The question I try to answer in this book is often put to me like this: Rites belong in their home cultures. We glean what we can from books, films, and stories, all of which select, summarize, and distort. The question, then, is not whether but how inquirers can enrich their own ritual sensibility by attending to rites from places and times other than their own.
Since most of us have little choice but to imagine the rites of others, and since some of us have no rites to call our own, the words imagining and inventing appear repeatedly in this book.
When it comes to ritual, inventing is perhaps the more primary notion, since we cannot invent without imagining, but we can imagine without turning what we imagine into an invention.
When we invent, we give teeth to what we imagine. Ritual, like art, is a child of imagination, but the ritual imagination requires an invention, a constantly renewed structure, on the basis of which a bodily and communal enactment is possible.
Furthermore, the imaginative is not the opposite of the real. Rather, imagining is a way of transforming and renewing the real.
We sometimes think of imagining as the act of originating, as coming up with firsts, not poor duplicates. But neither imagining nor inventing is a creation out of nothing. Even if our desire is to create new rites of passage, we do so with the materials at hand, with the stuff of our cultures and traditions.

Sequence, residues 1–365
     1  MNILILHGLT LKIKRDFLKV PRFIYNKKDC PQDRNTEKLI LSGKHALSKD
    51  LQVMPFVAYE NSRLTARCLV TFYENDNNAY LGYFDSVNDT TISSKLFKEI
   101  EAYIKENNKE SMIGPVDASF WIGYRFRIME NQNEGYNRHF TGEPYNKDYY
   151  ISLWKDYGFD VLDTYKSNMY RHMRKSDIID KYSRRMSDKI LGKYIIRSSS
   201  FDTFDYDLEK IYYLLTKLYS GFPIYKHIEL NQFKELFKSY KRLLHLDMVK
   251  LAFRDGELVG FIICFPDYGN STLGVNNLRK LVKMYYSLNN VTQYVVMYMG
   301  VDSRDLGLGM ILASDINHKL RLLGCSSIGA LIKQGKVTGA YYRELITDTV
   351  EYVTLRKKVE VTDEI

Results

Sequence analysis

Even if we radically dismember this stuff, we are still dependent upon it. Rites, unlike wheels, survive precisely by being reinvented and reimagined; there is no other option. Reimagining ritual can be threatening to religious institutions, since, conventionally understood, imagination is about the made up, whereas religion is supposed to be about the given.
Although I treat ritual traditions with respect, I challenge them—sometimes directly, sometimes indirectly—by setting an imagined ritual alongside an actual rite. By reimagining, I dance into the abyss that comfortably separates the spiritual from the social scientific, the personal from the scholarly, and the narrative from the analytical.Home ; Bio ; Vitae ; Publications ; Projects ; Contact.
The judge does not have to perform the nexus analysis before fulfilling this duty. The nexus question initially is a charging decision exercised by the Commission and later becomes an element of. Full text of "Town Topics (Princeton), Sept. 15, " See other formats. Author Contributions: Dr Ogden had full access to all of the data in the study and takes responsibility for the integrity of the data and the accuracy of the data analysis.
Concept and design: Ogden, Hales. Acquisition, analysis, or interpretation of data: All authors. Drafting of the manuscript: Ogden. Cantú for permission to quote from her unpublished article on quinceañera. this book could not have been written.
it enabled me to undertake the most pervasive and self-searching metin2sell.comLEDGMENTS umerous people took risks by telling candid stories about their passages. So the question. and. cost-benefit analysis that is .
In one analysis, Bradley and her colleagues crunched 74 different studies that had examined the issue, and found a fairly consistent set of health benefits from social spending.